House-share turned into dumping ground lands Northampton man with £11,500 court bill
Council forced into massive clean-up after rubbish led to rats in nearby gardens
A Northampton man who allowed the back garden of a house share to become a dumping ground has been ordered to pay thousands of pounds in fines and clean-up costs.
More than 13 tonnes of rubbish had to be removed from Peverel's Way, close to the Weedon Road, after Ian Kimpton ignored a series of enforcement notices.
Northampton Magistrates fined Mr Kimpton £1,500 at a hearing on April 9 and ordered him to stump up costs of £9,524 following a successful prosecution by West Northamptonshire Council.
Environmental Health officers and Northamptonshire Police first visited the address in November 2019, issuing warnings to clear up the mess to Mr Kimpton and two lodgers.
Those warnings were not heeded by the following month, leading to a Community Protection Notice (CPN) to remove the waste — which was also ignored, forcing the Environmental Health Team into action to clear the back garden.
Rotting sacks, old furniture and appliances, and garden waste was among the ten tonnes of rubbish taken away.
A prosecution scheduled for April 2020 was cancelled due to the pandemic, but was launched again this year when officers had to return to the property to remove three tonnes of waste that piled up after the first clearance operation.
Alongside the Environmental Health investigation, the council’s Housing Enforcement team had been looking into living conditions inside the property and, working with Northamptonshire Police, issued an Emergency Prohibition Order in July 2020 to prevent the letting of rooms at the address.
However an inspection in January this year found the Order had been breached, with a number of tenants at risk in the property. An Interim Management Order was issued, allowing the council to take control of the property and find safe, suitable alternative accommodation for the tenants.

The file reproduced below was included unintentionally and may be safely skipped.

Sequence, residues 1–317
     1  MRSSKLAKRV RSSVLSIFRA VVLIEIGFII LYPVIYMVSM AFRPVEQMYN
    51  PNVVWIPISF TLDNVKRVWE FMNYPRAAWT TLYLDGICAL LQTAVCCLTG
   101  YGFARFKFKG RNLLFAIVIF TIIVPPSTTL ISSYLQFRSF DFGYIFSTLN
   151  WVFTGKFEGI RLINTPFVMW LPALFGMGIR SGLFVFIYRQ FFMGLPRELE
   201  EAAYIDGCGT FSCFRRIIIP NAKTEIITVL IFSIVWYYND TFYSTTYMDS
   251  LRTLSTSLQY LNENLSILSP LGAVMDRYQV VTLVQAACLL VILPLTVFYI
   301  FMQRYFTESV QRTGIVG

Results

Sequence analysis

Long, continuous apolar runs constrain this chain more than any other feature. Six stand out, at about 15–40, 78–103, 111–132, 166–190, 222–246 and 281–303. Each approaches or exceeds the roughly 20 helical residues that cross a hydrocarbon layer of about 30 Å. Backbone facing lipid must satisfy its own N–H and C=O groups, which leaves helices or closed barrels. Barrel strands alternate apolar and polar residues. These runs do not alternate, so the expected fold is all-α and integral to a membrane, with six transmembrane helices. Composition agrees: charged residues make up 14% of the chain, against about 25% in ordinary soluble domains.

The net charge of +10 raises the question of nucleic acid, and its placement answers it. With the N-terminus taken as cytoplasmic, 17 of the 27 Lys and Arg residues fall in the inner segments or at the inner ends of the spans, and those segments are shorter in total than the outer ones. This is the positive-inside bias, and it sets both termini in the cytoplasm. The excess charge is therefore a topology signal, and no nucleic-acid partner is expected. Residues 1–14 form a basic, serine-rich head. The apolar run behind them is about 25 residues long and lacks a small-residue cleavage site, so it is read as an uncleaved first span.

In addition to the fine and massive costs, Kimpton must pay a £150 victim surcharge and £400 in compensation to a neighbour who was invaded by rats as a result of the build-up of rubbish.
West Northants is now in control of the property after issuing Northampton’s first Interim Management Order under the Housing Act 2004 — which allows local authorities to take over the running of a house of multiple occupation (HMO) where there is no fit and proper person available to do so.
Stuart Timmis, Executive Director of Place & Economy at West Northamptonshire Council, said: “Enforcement is always a last resort but the state of the garden was such that it posed a risk to the public.
“I hope this result sends out a strong message that we will not hesitate to take swift action where there is a need to do so.
“It is also important that everyone who is privately renting in West Northamptonshire has a safe, well-managed place to live, and the action taken allowed us to find suitable alternative accommodation for the tenants as well to take control of the property so that it can be brought up to a good standard.”